Building an Efficient and Effective Emergency Fund



Shaun Sun

Financial Advisor & Portfolio Manager


Building an Efficient and Effective Emergency FundOne of the fables I remember repeated numerous times during grade school was Aesop’s tale of the ant and the grasshopper. For those of you unfamiliar with the fable, it tells of an ant and a grasshopper living as neighbours. The grasshopper spends the warm months singing and watching the ant toil as it slowly builds up a food store. When winter comes, the grasshopper is unprepared and starves as it watches the ant dig into the stock- pile it has accumulated. The moral of the story preached to me then by my teachers was the value of planning for the future by working hard today and the perils of idleness.  

While this lesson still remains just as relevant, I find myself drawing new wisdom through connections between it and one of the basic tenets of financial planning– building and maintaining an emergency fund. If we go back to the fable again, the ant’s diligent effort in successfully building a stockpile was aided by its knowledge of two important variables– it knew when to expect to use its stockpile and how much it would need. In other words, it knew the timing and the value of its need.  

In comparison, when we look at an emergency fund, only the value of the need can be estimated. To satisfy this need, it is normally recommended to keep 3 to 6 months of living expenses in an emergency fund. But how does one address the timing need? The answer is to ensure that the funds are liquid, meaning they are easily accessible and held in cash or near-cash equivalents. So now, you’re probably thinking, 3 to 6 months of living expenses is a large amount of money, especially if you happen to live in Vancouver, to keep in a savings or chequing account. What’s more, despite doing the right thing, the ant didn’t have to contend with taxes on interest earned or low interest rates!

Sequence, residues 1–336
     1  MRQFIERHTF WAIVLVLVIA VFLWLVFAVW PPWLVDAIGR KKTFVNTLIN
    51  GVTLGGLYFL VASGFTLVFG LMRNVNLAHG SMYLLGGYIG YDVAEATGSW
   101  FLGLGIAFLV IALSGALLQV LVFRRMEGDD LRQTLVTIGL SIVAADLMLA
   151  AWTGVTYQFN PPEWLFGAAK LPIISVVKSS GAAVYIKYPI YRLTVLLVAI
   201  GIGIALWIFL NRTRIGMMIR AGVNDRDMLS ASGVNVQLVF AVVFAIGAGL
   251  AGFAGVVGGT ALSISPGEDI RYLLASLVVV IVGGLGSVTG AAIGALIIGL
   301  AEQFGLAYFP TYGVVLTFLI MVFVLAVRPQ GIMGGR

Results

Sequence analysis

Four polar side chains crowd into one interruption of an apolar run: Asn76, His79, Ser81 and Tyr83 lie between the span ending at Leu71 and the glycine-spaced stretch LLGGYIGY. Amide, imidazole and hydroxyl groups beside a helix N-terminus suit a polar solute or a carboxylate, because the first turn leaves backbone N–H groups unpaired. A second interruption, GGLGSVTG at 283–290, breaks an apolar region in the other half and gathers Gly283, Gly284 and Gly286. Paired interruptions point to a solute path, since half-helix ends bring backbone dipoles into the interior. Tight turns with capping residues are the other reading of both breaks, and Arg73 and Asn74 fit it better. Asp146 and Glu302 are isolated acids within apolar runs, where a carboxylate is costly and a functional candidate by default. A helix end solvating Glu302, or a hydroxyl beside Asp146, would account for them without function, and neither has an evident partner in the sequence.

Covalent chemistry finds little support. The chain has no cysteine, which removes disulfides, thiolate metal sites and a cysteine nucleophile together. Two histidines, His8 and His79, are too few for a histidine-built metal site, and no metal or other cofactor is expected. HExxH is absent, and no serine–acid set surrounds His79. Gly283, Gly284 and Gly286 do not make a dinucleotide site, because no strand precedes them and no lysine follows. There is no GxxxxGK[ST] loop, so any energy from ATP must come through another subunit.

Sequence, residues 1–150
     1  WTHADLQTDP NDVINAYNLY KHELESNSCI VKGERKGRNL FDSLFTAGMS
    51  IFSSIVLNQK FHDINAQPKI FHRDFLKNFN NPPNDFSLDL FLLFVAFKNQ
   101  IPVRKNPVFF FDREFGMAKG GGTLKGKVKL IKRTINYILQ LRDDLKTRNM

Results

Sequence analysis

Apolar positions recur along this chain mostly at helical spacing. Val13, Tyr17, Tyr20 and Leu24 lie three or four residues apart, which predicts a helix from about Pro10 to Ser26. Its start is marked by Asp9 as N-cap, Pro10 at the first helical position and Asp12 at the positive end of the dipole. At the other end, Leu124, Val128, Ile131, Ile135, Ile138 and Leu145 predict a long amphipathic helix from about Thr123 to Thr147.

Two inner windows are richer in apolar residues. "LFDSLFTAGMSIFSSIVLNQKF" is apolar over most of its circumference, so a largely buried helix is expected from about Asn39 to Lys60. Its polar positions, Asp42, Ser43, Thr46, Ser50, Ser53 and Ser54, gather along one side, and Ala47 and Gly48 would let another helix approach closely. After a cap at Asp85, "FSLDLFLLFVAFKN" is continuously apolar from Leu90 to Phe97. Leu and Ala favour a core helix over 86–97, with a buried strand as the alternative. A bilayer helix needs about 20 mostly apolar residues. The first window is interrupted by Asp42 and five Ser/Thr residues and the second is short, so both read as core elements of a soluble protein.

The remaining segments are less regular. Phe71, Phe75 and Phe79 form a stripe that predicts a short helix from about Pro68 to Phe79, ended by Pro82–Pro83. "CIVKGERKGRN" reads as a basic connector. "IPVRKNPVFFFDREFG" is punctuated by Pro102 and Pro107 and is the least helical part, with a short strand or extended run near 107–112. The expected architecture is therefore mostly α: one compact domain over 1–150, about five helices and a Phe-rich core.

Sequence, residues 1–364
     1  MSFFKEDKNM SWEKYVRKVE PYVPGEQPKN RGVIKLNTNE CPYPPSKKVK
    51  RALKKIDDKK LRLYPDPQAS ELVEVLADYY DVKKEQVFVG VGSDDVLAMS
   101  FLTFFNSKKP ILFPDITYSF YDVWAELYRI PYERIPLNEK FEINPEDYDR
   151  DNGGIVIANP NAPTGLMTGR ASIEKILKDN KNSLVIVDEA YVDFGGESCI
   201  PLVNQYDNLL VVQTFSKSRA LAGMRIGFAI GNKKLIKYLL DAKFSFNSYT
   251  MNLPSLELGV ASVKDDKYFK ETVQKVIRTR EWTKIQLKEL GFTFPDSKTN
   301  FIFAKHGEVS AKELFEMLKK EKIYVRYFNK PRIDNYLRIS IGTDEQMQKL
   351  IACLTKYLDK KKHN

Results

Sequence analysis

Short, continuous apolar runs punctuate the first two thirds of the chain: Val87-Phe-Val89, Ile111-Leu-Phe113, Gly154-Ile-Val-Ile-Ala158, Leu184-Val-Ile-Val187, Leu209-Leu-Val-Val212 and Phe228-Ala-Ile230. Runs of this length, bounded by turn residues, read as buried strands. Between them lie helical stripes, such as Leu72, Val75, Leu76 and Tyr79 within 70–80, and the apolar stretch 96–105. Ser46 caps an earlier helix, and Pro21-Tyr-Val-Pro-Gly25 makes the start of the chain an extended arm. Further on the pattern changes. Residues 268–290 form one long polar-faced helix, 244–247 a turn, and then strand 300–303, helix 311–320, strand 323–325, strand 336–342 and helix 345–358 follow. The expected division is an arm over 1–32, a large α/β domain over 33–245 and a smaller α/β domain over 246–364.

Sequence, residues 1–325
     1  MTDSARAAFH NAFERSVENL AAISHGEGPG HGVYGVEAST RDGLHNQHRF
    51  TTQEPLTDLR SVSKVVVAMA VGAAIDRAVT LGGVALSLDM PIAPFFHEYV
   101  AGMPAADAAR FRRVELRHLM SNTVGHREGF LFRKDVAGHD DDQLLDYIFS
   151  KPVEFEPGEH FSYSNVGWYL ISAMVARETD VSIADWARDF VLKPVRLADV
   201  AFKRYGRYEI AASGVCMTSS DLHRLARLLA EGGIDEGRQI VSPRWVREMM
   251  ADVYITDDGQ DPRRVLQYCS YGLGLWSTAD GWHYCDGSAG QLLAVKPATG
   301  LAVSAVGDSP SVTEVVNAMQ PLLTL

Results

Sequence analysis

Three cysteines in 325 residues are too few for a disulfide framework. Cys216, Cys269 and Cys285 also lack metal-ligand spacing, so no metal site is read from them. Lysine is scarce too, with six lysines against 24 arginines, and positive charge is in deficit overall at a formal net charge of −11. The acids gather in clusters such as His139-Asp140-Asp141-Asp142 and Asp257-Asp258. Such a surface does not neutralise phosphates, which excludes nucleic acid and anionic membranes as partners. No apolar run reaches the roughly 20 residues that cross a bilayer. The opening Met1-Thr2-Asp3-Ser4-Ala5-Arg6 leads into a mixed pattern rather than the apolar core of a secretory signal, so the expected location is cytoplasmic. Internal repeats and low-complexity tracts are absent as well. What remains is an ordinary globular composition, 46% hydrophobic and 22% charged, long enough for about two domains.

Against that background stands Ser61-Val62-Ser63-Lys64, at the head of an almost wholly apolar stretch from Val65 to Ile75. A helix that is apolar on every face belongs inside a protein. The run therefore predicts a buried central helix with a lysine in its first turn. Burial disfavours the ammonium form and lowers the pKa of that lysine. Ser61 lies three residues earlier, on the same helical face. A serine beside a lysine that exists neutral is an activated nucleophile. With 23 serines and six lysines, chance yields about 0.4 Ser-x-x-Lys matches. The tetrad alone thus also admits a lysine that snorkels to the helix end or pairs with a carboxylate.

One solution to address both these problems is to hold the emergency funds in a high-interest savings account within a TFSA (currently up to the $31,000 maximum). Interest is allowed to accumulate tax-free within a TFSA and withdrawals can be made at any time without being subject to withholding taxes or included as income for the purposes of calculating taxes and other income-tested government programs (MSP premiums, OAS, assisted living). 

Even better, any withdrawals you make in the current calendar year can be added back to your TFSA the following year, meaning you can continue to replenish your emergency funds for future needs. 

A second solution which eliminates the timing need and necessity of holding what could be a large percentage of your net worth in cash is to borrow the emergency funds when you need them. Of course, you would need to ensure the value of the credit facility is adequate, with one added consideration – the interest rate. This eliminates credit cards and most unsecured lines of credit as options since the cost of borrowing this way ranges between 8 – 29%. This leaves one viable option – a secured line of credit. A secured line of credit decreases the risk to the lending institution as something of value is pledged as collateral against the value of the loan, and hence, a lower interest rate can be offered.  

A Home Equity Line of Credit (HELOC) is secured against the value of a home for an approved credit limit at a rate that is usually variable, and depending on the product, can be locked-in for a fixed term. With a HELOC in place, you are now free to use the cash otherwise earmarked as emergency funds for other needs or to be invested in more productive investments which are hedged to inflation.  

Who knew you could learn so much from a grasshopper and an ant? Talk to your Rogers Group Financial advisor for more information to see if these solutions are a fit with your current financial position. 
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